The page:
Electrician in Annapolis, J.M. Mullen Electric
Written by John Mullen

Common Light Bulbs And Their Efficiency

There are four types of light bulbs that are often bought by consumers: incandescent, compact fluorescent (CFL), Halogen, and light-emitting diode (LED). While they all provide the light, they each are different in the way that they provide that light.

The most common type of bulb among the four is the incandescent light. While they are more cost effective than the other options, they are not energy efficient. Incandescent bulbs give off a warm light. Typically used with a dimmer-style appliance, they can last upwards of one year. In 2007 however, Congress passed a law requiring the use of more energy-efficient basic bulbs. While all of the incandescent standard bulbs are being taken out of production, incandescent chandelier bulbs will still be available .

Light-Emitting Diode (LED) bulbs are more energy efficient than an incandescent bulb and last upwards of 50,000 hours. Commonly used for television sets or flashlights, these bulbs do not contain mercury therefore they don’t produce any heat. Fixtures in hard to reach places as well as focus points benefit greatly from an LED. These bulbs have the most potential for saving energy, with some brands using 75 percent less energy with a lifespan that is 25 times longer than that of an incandescent bulb.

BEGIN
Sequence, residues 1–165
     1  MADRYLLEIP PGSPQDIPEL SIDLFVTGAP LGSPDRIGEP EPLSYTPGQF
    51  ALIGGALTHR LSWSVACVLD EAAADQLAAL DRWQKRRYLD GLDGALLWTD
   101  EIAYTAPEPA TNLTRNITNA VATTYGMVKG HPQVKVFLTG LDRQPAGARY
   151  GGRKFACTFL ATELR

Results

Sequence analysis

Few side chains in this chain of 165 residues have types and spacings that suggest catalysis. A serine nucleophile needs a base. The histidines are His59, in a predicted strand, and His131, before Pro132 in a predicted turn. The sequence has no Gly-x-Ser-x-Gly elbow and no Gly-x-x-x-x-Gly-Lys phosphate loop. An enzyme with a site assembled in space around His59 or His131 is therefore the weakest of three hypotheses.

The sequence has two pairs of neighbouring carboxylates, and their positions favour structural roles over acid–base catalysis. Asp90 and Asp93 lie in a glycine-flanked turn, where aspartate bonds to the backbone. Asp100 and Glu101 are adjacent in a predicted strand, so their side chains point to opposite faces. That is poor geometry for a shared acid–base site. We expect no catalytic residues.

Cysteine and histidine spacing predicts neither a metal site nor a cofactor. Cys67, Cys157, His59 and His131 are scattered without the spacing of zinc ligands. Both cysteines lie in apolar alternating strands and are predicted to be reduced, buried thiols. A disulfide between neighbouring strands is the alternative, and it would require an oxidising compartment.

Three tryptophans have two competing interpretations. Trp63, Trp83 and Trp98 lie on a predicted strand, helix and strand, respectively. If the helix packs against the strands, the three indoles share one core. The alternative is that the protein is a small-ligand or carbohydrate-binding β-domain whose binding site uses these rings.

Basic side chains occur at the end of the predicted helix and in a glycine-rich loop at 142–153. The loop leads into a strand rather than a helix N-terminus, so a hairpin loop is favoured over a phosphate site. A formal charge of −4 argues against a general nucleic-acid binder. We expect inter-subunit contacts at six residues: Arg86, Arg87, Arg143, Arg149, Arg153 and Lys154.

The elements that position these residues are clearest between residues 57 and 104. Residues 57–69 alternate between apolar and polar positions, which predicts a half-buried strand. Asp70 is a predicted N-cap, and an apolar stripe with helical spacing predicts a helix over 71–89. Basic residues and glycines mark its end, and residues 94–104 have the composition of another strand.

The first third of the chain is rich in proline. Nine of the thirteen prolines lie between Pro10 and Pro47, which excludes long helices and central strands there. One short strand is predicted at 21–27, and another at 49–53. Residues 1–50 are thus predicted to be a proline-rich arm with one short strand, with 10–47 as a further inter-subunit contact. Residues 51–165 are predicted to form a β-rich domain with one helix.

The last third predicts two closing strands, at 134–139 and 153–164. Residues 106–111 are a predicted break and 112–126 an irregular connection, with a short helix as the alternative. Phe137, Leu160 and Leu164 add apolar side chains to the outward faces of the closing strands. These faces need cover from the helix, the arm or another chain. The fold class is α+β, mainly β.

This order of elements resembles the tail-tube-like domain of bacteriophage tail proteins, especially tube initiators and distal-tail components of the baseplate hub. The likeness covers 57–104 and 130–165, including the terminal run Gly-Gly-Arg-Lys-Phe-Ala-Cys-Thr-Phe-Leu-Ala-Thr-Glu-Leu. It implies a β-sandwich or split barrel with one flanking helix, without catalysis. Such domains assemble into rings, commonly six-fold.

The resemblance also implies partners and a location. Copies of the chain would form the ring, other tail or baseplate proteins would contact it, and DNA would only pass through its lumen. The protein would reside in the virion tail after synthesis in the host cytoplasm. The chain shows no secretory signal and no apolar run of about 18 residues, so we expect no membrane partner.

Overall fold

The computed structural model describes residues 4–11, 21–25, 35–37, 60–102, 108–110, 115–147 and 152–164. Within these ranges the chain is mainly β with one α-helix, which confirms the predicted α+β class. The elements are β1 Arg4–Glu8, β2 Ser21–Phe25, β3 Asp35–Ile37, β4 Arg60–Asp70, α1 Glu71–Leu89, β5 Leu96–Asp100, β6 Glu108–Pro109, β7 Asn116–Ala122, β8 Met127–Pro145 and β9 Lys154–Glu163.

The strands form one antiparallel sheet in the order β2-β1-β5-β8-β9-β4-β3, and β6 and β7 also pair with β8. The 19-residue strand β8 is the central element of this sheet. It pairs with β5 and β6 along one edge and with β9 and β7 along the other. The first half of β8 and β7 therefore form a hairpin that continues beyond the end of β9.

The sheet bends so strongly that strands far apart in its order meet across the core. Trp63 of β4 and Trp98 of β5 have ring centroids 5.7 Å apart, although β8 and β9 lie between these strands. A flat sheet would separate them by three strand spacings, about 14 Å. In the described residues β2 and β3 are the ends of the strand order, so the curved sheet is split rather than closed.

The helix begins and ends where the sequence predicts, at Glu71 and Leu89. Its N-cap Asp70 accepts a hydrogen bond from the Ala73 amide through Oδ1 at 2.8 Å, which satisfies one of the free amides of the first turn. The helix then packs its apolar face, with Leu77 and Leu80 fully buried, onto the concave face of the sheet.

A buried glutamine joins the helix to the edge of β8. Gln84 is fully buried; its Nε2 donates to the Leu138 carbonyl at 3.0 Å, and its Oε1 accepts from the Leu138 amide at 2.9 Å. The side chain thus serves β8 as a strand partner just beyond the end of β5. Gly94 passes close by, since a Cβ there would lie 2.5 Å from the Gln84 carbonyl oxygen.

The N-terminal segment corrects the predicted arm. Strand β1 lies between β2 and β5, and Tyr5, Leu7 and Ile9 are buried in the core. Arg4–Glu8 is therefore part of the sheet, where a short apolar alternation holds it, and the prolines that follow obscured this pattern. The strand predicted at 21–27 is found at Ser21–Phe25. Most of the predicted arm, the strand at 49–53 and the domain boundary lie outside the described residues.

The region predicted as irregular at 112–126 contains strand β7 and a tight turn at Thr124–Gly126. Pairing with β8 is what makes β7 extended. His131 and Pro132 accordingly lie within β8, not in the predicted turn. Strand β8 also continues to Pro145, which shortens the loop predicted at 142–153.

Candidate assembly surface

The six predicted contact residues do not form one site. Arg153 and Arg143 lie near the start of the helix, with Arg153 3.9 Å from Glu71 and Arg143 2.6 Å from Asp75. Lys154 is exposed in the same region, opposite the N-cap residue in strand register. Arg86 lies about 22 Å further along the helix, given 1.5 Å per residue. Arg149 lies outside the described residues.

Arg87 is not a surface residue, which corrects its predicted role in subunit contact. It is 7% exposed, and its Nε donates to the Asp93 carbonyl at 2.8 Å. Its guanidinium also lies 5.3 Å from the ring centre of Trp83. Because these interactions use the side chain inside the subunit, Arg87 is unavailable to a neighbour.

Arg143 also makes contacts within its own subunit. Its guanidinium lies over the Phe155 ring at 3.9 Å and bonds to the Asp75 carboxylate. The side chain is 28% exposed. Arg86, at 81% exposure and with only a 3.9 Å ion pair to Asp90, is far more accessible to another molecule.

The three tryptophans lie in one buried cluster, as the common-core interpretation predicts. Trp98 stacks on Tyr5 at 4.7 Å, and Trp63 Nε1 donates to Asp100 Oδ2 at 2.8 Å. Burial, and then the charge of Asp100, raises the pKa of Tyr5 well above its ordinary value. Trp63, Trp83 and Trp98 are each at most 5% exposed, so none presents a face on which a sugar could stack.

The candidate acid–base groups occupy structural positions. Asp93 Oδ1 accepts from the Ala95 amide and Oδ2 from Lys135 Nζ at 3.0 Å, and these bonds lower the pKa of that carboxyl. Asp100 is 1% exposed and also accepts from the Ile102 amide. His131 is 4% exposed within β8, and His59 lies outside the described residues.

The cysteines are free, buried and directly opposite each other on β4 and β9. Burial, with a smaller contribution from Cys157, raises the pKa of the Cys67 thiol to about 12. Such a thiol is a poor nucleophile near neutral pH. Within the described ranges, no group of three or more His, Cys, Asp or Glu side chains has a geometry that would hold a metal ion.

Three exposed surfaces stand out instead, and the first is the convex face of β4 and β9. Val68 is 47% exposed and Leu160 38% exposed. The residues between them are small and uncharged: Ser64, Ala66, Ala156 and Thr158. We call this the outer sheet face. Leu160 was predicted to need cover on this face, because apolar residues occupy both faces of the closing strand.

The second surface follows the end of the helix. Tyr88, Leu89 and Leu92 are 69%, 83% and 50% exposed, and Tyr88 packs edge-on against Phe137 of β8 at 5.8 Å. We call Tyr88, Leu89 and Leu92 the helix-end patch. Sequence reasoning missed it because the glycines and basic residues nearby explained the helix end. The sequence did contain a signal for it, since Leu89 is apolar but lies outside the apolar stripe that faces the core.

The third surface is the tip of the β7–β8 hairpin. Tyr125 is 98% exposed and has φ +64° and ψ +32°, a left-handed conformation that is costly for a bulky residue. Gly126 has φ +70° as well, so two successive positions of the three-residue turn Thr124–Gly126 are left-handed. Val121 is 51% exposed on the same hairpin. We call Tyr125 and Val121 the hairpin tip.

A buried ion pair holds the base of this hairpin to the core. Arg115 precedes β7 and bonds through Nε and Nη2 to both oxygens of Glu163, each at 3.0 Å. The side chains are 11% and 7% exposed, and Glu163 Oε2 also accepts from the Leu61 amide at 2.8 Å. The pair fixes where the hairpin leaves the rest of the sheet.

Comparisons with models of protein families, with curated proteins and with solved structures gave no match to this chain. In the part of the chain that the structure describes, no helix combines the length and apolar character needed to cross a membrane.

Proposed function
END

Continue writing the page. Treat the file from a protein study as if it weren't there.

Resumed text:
Also energy efficient is the compact fluorescent (CFL) bulb. These are the bulbs used to display different colors as well as change colors. Perfect for large spaces, they cost less than an LED and last longer than an incandescent light. Even though they contain mercury and should be handled with care, they are recyclable once they burn out. Wait for the bulb to warm up to experience a brighter bulb.

Halogen bulbs, unlike the others, become warm and should be kept away from fire hazards. They also have the shortest usage hours compared to the other three. However they are a great bulb for recessed and under cabinet lighting. Emitting a white light (by using a filament that is heated to the point of glowing), this dimmable energy mimics that of high-noon daylight. Of all the bulbs, this is the least energy efficient bulb.

In addition to figuring out what type of bulb to purchase, you must also take into account how much light is emitted from a bulb. This value is noted on the packaging in lumens or watts. A 100 watt bulb will produce around 1600 lumens of light. The lower wattage bulb will be the least energy producing bulb with the results being a lower energy bill. In contrast CFLs and LEDs will lead to a lower energy bill while having a lower wattage while having the same light output.

Contact J.M. Mullen for all of your electrical lighting needs.  We will be glad to assist you!